Ask a Genius: How Quincy Larson is teaching the world to code



Myles Ma

Myles Ma

Senior Reporter

Myles Ma is a senior reporter at Policygenius, where he covers personal finance and insurance and writes the Easy Money newsletter. His expertise has been featured in The Washington Post, PBS, CNBC, CBS News, USA Today, HuffPost, Salon, Inc. Magazine, MarketWatch, and elsewhere.

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Quincy Larson describes himself, simply, as a teacher. But his classroom is online and his students number in the millions.

Larson is founder of freeCodeCamp, a non-profit that helps people learn to code for free. hosts thousands of coding lessons and gives students the opportunity to experience coding for nonprofits.

We talked to Larson about what it's like to run a nonprofit and what makes learning to code worthwhile.

Our conversation with Quincy Larson is the latest edition of Ask a Genius, our regular series of talks with brilliant people. This interview was edited for brevity and clarity.

FreeCodeCamp is a nonprofit, so what do you get out of it?

I work for freeCodeCamp full-time and the nonprofit pays me a modest wage to do so.

I get to help as many people as possible learn to code so everyone can make use of these mainframes we're now carrying around in our pockets.

As of 2018, machines do most of the work. But only a few people are able to tell those machines what to do.

By helping more people learn to code, people can become more productive and move up the skill chain to get new jobs to replace the jobs that are being automated away.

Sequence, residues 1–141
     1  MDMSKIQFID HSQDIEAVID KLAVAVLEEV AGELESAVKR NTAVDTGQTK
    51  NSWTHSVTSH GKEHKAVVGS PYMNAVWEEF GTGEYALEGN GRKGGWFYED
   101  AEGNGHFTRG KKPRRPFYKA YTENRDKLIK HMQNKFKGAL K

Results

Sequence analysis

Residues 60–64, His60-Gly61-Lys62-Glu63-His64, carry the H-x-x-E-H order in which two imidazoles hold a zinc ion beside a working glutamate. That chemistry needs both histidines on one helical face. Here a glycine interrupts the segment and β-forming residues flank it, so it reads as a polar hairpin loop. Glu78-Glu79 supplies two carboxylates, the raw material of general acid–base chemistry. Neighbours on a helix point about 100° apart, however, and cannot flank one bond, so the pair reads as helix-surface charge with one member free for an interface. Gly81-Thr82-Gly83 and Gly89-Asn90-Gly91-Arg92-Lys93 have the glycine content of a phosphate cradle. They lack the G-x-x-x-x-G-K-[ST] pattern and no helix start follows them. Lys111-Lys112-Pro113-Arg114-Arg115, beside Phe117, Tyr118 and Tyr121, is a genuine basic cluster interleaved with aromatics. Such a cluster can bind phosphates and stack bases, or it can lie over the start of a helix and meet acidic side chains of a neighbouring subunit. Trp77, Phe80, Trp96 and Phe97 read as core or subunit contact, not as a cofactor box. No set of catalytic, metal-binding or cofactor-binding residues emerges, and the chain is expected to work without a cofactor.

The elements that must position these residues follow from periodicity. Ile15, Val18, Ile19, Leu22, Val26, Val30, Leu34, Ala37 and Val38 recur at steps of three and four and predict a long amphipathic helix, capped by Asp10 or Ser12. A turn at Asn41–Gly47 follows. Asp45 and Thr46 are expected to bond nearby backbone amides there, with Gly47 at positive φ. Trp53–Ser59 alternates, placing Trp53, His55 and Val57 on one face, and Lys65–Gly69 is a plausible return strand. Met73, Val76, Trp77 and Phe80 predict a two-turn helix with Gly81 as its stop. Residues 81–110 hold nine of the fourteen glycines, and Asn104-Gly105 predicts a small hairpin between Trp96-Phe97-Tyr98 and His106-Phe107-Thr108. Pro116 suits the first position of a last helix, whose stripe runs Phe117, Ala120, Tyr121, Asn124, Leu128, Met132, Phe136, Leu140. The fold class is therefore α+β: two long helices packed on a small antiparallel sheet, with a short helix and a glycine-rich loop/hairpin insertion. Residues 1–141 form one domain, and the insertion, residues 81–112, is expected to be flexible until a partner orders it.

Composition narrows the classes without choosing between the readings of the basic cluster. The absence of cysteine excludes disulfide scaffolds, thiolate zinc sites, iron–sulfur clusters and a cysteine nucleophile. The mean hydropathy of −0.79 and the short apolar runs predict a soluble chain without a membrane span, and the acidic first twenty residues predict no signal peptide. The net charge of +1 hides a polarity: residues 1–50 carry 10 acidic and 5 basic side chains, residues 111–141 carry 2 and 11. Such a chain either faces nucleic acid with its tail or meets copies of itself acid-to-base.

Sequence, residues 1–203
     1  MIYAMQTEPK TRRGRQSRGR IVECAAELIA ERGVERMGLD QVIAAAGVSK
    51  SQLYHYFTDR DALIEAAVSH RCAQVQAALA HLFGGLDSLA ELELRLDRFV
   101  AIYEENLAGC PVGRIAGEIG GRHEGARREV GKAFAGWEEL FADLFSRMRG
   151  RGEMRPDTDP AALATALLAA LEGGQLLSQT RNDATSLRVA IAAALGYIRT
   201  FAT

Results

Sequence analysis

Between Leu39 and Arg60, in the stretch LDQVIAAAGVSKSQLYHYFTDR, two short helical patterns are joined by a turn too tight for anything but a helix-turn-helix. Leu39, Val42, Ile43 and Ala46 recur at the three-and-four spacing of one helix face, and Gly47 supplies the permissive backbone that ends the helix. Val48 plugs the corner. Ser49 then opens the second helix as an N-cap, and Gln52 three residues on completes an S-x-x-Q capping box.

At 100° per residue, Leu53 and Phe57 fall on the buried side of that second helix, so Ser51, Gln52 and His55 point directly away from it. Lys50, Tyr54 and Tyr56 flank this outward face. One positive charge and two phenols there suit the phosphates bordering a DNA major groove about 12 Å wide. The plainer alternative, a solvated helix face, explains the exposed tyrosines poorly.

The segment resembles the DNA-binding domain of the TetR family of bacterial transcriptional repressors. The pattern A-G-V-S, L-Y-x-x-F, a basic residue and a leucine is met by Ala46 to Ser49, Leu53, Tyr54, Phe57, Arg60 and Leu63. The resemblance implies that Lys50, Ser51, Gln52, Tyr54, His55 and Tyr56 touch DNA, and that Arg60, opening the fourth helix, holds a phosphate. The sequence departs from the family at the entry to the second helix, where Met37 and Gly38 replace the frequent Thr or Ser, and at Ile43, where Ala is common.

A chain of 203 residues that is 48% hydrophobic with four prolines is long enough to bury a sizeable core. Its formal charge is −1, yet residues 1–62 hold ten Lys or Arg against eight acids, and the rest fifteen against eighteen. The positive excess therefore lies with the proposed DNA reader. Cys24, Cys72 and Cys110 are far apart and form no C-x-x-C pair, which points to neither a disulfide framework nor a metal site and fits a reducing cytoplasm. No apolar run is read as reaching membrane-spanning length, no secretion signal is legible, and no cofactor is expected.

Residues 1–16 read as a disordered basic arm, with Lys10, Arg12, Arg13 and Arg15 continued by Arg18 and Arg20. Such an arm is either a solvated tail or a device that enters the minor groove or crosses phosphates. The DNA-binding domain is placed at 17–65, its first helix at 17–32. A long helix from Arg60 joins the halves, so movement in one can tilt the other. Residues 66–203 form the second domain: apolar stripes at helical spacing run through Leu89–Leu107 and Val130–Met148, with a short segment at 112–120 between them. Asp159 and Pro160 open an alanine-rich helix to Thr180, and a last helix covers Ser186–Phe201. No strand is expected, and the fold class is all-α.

How much time does it take to complete the curriculum? What makes it a good investment?

It takes about 1,800 hours to earn all six of the verified developer certifications. Most of that time is spent building projects, which is a pretty good approximation of actually working as a software developer.

Since all aspects of freeCodeCamp are completely free, all you have to invest is time. We've optimized the heck out of the curriculum, its learning curve, and the technologies and skills taught. So if you're serious about learning to code, this is probably the most time-efficient way to do it.

People pay tons of money to learn to code. Why don't you charge?

We don't need to charge. We're a donor-supported nonprofit. Thousands of people who believe in our mission are willing to support us.

This means that freeCodeCamp can be completely accessible to everyone, regardless of their socio-economic status. Remember — 70% of the people on Earth live off less than $10 a day. Those people need to pay for basic needs like food and shelter.

FreeCodeCamp is not only free - it is self-paced. This is important because people are busy. They have jobs, kids, random sicknesses that come up. They need maximum flexibility.

And you can do freeCodeCamp completely in a browser. A lot of people don't have their own computers, so they work through freeCodeCamp's curriculum on library computers, or on their mobile phone.

At the end of the day, freeCodeCamp is all about one thing — access. And that's why millions of people use freeCodeCamp each month — because we've prioritized making it accessible to them.

What's your pitch when you ask people to donate?